Book Review: THE UPPER WORLD by Femi Fadugba

Title in white on blue-purple image of a face with breaking infrastructure
Genre: Sci-fi thriller
Age Range: YA
Star Rating: 2 stars
Series: yes - first book


Book cover for THE UPPER WORLD: title in white on fractured landscape and face

Esso is running out of time and into trouble. After he is accidentally caught up in a gang war, he is haunted by a vision of a bullet fired in an alleyway with devastating consequences.

A generation later, fifteen-year-old football prodigy Rhia is desperately searching for answers—and a catastrophic moment from the past holds the key to understanding the parents she never got to meet.

Whether on the roads of South London or in the mysterious Upper World, Esso and Rhia”s fates must collide.

And when they do, a race against the clock will become a race against time itself… 

Synopsis taken from Goodreads. Add to your shelves here.


I wanted to love this book so much. It’s a UKYA SFF set almost in the area I grew up in. I know the locations well; that’s my local park, a library I’ve spent too many hours in, buses I’ve used. And so on. There’s very little sci-fi in YA, and even less from UK authors – and the amount of diverse speculative UKYA is atrocious.

Plus this book is about science and maths. It involved time travel and a lot of time on Einstein’s equations (some more explicitly than others – I was nerdily happy about the ones I could spot that weren’t mentioned.) There are appendices at the back (at least of the Waterstones edition – not sure about the standard) that explains the maths in more detail for the curious.

In short, this should have been a book I really liked, except it was a fight to get through.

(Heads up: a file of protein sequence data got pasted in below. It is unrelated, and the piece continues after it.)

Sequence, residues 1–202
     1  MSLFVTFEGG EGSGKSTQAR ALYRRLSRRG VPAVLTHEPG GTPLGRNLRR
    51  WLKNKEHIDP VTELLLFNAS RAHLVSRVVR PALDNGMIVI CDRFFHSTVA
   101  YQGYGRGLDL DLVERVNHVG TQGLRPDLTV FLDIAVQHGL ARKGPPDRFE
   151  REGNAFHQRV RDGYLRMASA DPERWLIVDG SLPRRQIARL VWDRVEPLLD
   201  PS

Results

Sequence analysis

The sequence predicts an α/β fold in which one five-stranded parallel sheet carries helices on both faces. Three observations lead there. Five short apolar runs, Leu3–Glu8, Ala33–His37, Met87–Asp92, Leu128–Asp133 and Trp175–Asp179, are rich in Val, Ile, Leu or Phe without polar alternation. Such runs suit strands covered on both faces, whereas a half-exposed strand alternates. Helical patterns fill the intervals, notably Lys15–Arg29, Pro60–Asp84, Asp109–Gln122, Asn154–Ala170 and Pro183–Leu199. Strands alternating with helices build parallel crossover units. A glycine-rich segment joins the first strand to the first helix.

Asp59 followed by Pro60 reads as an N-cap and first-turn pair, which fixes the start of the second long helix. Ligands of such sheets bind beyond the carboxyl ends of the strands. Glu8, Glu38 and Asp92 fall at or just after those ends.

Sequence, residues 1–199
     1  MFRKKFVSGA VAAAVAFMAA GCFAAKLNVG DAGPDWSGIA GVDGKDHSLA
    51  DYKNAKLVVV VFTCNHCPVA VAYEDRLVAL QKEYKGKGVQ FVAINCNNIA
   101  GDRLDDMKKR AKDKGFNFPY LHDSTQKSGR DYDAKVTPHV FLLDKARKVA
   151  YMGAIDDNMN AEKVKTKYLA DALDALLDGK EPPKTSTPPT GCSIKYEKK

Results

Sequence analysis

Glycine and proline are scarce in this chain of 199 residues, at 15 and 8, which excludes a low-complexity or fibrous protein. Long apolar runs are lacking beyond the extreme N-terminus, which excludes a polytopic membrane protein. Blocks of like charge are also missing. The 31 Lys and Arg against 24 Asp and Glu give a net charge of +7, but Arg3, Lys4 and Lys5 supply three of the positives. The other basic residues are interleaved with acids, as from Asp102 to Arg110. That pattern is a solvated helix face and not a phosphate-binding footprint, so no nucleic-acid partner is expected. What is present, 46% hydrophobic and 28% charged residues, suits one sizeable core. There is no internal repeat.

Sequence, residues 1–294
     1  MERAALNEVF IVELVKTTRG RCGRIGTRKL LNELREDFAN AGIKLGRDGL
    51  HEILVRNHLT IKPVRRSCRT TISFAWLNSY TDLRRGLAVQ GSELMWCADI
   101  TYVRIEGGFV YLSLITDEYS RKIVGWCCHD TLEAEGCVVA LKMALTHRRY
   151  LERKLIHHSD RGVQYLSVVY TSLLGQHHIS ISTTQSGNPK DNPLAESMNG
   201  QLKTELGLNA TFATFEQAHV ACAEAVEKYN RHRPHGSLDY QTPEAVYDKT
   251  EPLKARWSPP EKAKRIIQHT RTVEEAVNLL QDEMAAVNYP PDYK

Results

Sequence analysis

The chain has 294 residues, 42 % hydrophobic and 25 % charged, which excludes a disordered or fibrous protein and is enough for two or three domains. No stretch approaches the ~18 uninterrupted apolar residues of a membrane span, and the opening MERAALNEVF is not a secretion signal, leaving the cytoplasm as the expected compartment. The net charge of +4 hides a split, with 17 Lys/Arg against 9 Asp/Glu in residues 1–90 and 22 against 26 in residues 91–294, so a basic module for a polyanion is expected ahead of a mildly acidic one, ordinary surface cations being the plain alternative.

Mostly, it was because a lot of the book read just like a contemporary, with a few fringe speculative elements (more on that later.) I’m not a big fan of contemporary, because I want something speculative – I want something more than just life around me. Give me magic, other worlds, space. But this reads like a contemporary about being young, poor, and Black in Peckham. One gets accidentally drawn into gang rivalries, the other is a foster child. (We absolutely need more stories like this, but also, that’s not how this book was sold to me.)

As for the speculative elements, there are some interesting technological advances in Rhia’s timeline, given she’s in the future. But the time travel? Honestly, it does make the characters sound like cultists or flat-earthers. The maths and physics are all fine and good until the book makes the jump from “these are the physical limitations of light” (etc) to “this is how time travel works.” Except it’s not really time travel, and it’s not really explained just happens without much explanation. It was confusing and didn’t feel well integrated into the story.

This might be because Esso’s story line felt like a contemporary where a kid thinks he sees the future and then gets paranoid, and Rhia’s feels like it only exists to be an info dump to try and explain the time travel. Except it still doesn’t manage to do that in a way that feels not like a hallucination.

So overall, it was a very disappointing read, because it straddled the contemporary/sci-fi line too much for me, and didn’t satisfactorily explain the time travel (particularly given actual time travel is only like two scenes!)

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